With an eligible home office, you can also claim more transportation expenses and other business expenses as deductions. Zobel continues, "Another benefit of claiming a home office is that a greater percentage of car expenses become deductible. Without an office-in-home, most taxpayers cannot claim the miles driven from home to the first business stop of the day and from the last stop of the day back home as this is considered non-deductible commuting mileage. With a deductible home office, every trip from home to another place of business is considered a trip between two business locations and is fully deductible. For those reasons even, for example, a 3' x 5' desk exclusively used for business may be worthwhile to claim as an office-in-home."

Track the Numbers Carefully

There are more than a few numbers that go along with claiming the home office deduction, from the actual size of your office to the expenses you can associate with maintaining it. You do need to keep careful track of those numbers — they aren't something that you want to be scrambling to recreate as tax season rolls around. Ciocco describes his process: "I track expenses related to the home as a whole separately from expenses exclusively related to the home office. At tax time, I deduct the full amount of expenses that are just for my home office, such as office furniture. I also deduct a fraction of my expenses for my whole home (overall maintenance, electricity, etc.) based on my home office's square footage as a fraction of the home's total square footage...At one point when my office was actually clean, I took photos of the space and saved them with my tax information so that I could easily document my home office to the IRS if needed. I don't fudge the numbers. Being scrupulous about calculating the exact costs and square footage of my home office puts me on solid ground if I ever do have an audit."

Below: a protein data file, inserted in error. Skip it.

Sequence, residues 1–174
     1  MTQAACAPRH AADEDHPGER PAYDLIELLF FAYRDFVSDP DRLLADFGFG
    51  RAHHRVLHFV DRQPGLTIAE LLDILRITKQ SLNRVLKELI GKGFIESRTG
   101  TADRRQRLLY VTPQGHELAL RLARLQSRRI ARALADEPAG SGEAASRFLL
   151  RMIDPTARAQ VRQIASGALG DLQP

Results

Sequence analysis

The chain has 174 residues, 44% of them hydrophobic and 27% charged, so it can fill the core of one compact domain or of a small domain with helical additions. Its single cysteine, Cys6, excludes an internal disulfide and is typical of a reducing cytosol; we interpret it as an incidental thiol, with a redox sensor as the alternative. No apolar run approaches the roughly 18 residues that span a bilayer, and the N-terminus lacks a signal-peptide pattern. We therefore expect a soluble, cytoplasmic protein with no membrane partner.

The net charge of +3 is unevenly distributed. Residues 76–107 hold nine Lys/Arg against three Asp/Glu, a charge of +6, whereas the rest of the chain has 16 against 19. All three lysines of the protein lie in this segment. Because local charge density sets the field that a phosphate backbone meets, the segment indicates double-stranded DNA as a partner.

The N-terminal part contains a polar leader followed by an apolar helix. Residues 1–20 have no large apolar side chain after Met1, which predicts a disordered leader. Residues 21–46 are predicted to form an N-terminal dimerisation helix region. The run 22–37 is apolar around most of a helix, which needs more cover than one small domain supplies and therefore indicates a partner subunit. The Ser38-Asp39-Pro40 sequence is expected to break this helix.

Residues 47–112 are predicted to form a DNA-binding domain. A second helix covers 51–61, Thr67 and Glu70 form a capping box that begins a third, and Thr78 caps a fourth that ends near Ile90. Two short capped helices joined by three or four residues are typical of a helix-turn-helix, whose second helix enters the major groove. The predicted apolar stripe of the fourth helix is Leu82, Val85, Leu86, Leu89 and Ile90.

Don't Let the Process Scare You

It's easy to get thrown by any tax situation, including the home office deduction. There's a lot to consider, but that doesn't mean that you're going to face trouble for claiming it on your tax return. Zobel notes, "Many people incorrectly believe that claiming the home office deduction on a tax return means an automatic audit or, at the least, a red flag. I have about 350 tax clients, about half of whom claim an office-in-home on their tax return. I've been in business for more than 30 years and have had about 25 clients audited during that time. Only about three of those audits were of people who had claimed a home office and none of those audits were focused on that deduction."

0
No votes yet
Your rating: None
ShareThis

comments

0 discussions

Add New Comment

CAPTCHA
This test helps prevent automated spam submissions.